Hüm (noun) by Jen Hadfield
Jen Hadfield’s poem, set in Shetland, will leave you feeling drenched, windswept and thoroughly invigorated
Battle against the elements … Jen Hadfield’s poem Hüm (noun) vividly evokes the driving wind and rain.
Jen Hadfield’s latest collection, Nigh-No-Place, feels like a gust of bracingly fresh air through the English language.
Even if, like me, you have never been to Shetland, where Hadfield lives and where many of her poems live, too, you come away from the book feeling as if you had spent days there, getting drenched and windswept and thoroughly invigorated. The landscapes are fierce, unbiddable and unexpectedly magical.
The poems I especially like have the swagger of meteorological “events”. They are elemental, but they avoid the grimness associated with that genre and are often humorous, or a touch ironical – an unusual and pleasing combination. Within the apparent spontaneity there is a highly conscious and disciplined poetic technique at work.
Hüm (noun), this week’s poem, begins with a dictionary. The title gives us the Shetland dialect word, Hüm, and its part of speech; the first line provides the definition. This is a bit of a tease, a signpost turned round the wrong way; it would be easy to be lulled by those rich sounds, “Twilight, gloaming”. However, the prospect of a gentle, if unconventional, pastoral poem is swiftly dispelled. This will not be a gloaming for roaming in. The wind starts blowing in line two, and then, in stanza two, slashes of rain. The pastoral tradition and even language itself are brought back to basics. A clever human, faced by such weather, can do nothing but submit to animal instinct. What’s the good of a hanky or tissues? A tongue is better adapted to licking the streaming “snot and rain” from the “top lip”.
No word in the poem is wasted, yet many are repeated. We have, for instance, triads such as “blind/blinded/blinded” and the three occurrences of “dark”. The repetitions do important narrative work. They are reminders of the power and inescapability of the forces around the speaker. Nor do they simply reinforce the human experience; they remind us that the weather itself is blind and dark.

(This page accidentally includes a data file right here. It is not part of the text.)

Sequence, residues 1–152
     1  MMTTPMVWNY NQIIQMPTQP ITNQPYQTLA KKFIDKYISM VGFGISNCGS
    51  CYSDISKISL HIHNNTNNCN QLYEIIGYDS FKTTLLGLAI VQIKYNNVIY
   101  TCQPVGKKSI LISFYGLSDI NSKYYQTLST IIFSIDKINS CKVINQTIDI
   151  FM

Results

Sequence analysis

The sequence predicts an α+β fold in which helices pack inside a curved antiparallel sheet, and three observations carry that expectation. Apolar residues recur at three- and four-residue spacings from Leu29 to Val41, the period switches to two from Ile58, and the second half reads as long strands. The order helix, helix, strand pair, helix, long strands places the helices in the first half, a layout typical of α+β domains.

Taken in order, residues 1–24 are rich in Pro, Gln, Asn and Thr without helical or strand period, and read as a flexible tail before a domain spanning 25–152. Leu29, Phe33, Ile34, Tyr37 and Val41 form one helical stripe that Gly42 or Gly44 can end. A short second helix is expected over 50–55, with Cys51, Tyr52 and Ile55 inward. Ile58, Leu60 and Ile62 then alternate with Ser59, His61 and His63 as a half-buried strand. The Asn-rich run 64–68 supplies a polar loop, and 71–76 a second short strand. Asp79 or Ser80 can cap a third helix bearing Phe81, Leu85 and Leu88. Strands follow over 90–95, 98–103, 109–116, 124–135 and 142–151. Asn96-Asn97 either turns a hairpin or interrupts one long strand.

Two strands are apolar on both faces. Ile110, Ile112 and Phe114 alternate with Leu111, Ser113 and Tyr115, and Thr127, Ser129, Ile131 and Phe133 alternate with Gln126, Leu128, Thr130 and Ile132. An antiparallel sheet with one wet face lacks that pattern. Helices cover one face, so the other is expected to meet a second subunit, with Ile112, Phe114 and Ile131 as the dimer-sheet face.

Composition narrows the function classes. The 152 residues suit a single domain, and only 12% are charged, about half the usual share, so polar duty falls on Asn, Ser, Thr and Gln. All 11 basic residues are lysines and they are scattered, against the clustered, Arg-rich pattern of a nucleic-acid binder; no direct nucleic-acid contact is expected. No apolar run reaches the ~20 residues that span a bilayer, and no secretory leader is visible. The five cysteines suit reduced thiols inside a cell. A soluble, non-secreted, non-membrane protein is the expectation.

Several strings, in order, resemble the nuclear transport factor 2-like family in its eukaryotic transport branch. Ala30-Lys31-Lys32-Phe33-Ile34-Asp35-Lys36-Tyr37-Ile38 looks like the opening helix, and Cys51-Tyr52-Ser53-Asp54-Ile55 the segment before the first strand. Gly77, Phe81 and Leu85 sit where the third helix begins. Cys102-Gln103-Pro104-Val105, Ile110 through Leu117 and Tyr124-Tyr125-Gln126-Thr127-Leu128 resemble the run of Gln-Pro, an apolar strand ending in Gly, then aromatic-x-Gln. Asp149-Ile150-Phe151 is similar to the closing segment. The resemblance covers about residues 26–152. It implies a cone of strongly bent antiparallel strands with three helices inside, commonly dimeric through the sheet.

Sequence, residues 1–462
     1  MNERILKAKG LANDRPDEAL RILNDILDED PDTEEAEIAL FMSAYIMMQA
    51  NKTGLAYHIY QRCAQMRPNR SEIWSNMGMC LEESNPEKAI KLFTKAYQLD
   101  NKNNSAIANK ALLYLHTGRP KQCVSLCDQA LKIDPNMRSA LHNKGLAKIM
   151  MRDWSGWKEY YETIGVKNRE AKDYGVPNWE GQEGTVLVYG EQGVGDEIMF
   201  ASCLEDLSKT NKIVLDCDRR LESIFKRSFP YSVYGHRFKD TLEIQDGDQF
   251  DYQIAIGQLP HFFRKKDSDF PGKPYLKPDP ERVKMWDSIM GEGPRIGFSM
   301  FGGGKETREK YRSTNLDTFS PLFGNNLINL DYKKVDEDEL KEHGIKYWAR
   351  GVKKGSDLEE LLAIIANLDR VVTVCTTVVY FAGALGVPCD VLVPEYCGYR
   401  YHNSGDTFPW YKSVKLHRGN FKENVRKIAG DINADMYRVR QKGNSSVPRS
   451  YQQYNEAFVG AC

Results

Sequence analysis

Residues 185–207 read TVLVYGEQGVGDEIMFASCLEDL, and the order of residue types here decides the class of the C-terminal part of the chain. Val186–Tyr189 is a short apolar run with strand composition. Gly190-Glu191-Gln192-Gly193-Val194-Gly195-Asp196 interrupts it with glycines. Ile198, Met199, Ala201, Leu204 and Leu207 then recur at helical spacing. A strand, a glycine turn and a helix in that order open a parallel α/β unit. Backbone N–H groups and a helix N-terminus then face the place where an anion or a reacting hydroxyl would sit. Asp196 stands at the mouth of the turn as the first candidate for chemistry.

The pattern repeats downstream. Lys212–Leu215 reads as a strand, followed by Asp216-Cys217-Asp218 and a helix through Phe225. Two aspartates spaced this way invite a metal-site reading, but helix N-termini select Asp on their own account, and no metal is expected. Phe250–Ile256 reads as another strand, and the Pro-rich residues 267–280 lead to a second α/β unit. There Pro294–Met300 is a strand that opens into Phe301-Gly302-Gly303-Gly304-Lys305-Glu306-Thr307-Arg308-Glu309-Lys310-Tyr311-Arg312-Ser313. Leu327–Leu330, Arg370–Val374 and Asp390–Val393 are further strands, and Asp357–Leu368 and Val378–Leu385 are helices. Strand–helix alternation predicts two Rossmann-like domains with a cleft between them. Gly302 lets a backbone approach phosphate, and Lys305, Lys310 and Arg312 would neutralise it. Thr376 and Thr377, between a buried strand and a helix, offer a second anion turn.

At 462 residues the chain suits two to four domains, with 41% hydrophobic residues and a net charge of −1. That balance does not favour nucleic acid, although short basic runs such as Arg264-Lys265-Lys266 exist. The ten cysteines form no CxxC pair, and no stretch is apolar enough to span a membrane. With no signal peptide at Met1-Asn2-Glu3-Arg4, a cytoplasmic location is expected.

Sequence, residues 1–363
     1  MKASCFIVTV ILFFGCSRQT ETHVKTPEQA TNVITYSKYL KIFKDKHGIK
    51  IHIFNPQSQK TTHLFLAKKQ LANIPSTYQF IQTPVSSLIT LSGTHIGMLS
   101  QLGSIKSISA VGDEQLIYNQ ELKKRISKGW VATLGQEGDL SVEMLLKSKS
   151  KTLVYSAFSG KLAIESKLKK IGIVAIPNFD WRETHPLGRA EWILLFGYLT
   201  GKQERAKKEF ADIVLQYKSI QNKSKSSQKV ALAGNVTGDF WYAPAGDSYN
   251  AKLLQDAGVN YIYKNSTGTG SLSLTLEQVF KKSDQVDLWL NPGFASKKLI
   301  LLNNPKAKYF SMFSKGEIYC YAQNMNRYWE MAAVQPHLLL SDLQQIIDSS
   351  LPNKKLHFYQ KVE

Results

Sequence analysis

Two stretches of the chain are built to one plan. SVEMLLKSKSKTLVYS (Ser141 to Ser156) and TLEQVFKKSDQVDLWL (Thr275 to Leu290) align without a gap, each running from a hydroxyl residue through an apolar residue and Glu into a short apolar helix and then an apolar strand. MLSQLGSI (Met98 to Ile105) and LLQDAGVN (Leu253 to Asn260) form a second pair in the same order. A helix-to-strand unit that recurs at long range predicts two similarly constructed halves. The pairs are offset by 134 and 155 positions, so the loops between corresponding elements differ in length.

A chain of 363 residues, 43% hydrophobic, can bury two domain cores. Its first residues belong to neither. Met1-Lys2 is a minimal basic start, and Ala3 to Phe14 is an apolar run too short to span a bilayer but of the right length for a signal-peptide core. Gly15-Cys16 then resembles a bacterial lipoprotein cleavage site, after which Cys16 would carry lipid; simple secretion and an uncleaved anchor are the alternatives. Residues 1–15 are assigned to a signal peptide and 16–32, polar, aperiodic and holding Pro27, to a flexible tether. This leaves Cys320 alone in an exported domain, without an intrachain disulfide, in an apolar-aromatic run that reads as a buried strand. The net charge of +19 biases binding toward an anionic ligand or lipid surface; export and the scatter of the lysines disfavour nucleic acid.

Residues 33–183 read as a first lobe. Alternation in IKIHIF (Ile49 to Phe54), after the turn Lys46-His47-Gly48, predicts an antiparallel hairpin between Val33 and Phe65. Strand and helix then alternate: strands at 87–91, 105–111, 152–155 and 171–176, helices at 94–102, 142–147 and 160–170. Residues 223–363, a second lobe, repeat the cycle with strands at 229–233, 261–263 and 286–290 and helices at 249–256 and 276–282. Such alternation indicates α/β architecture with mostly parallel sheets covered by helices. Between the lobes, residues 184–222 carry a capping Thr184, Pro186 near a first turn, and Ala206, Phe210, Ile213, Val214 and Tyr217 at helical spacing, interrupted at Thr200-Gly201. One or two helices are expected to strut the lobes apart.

Having lived in north Wales, I know something about bad weather. In merciless, driving wind, and rain which comes at you sometimes from the north and sometimes from the west, in starless, light-less night, there is nothing else to think about. You can’t see what’s ahead: you can only battle on, reduced and determined. The stop-start rhythms in the poem enact the efforts of will needed by the walker to keep pushing forward. “To be abject” … “To be blinded” are constructions that imply a passive subject, and the protagonist at first is all but invisible. Agency returns with the subsequent litany of infinitives: “to walk”, “to pass”, etc, but the dominance is still hard-won and in combat with real danger. The Trowes may only be folklore – to “bluster a deal” with them a bit of literary fancy – but what about the peatcut (is there boggy land nearby?) and the bull, invisibly lurking in “his” field? Bulls, in fact, are far less aggressive than their reputation suggests, but still, a storm-panicked bull would not be one to tangle with.
We aren’t told if the gate that finally surprises the speaker signifies home, or is simply another dark object to be negotiated on a continuing journey. The wind is the biggest “character” in the drama: it’s everywhere, even whining inside a previous gate’s hollow metal bars, and there is no consoling abatement. The byre “like a rotten walnut” is, perhaps, meant to show us what wind and weather ultimately do with human strategies for survival – whether that strategy is a cowshed or a dictionary. If the poem has a subtext about the diminution of a language, its enjoyment of dialect words suggests how the stubborn seeds of words may travel, and germinate far from home.
to walk blind
against the wind;
to be abject; lick snot
and rain from the top lip
like a sick calf.
To be blinded by rain
from the north.
To be blinded
by westerly rain.
To walk uphill
into a tarry peatcut
and bluster a deal
with the Trowes.
To cross the bull’s field
in the dark.
To pass in the dark
a gate of hollow bars
inside which the wind is broaling.
To pass in the dark
a byre like a rotten walnut.
To not know the gate
till you run up against it.
broal: cry of a cow or other animal; to cry as in pain
hüm: twilight; gloaming
trow: a mischievous fairy
Full article and photo: http://www.guardian.co.uk/books/booksblog/2010/jul/05/poem-week-hum-jen-hadfield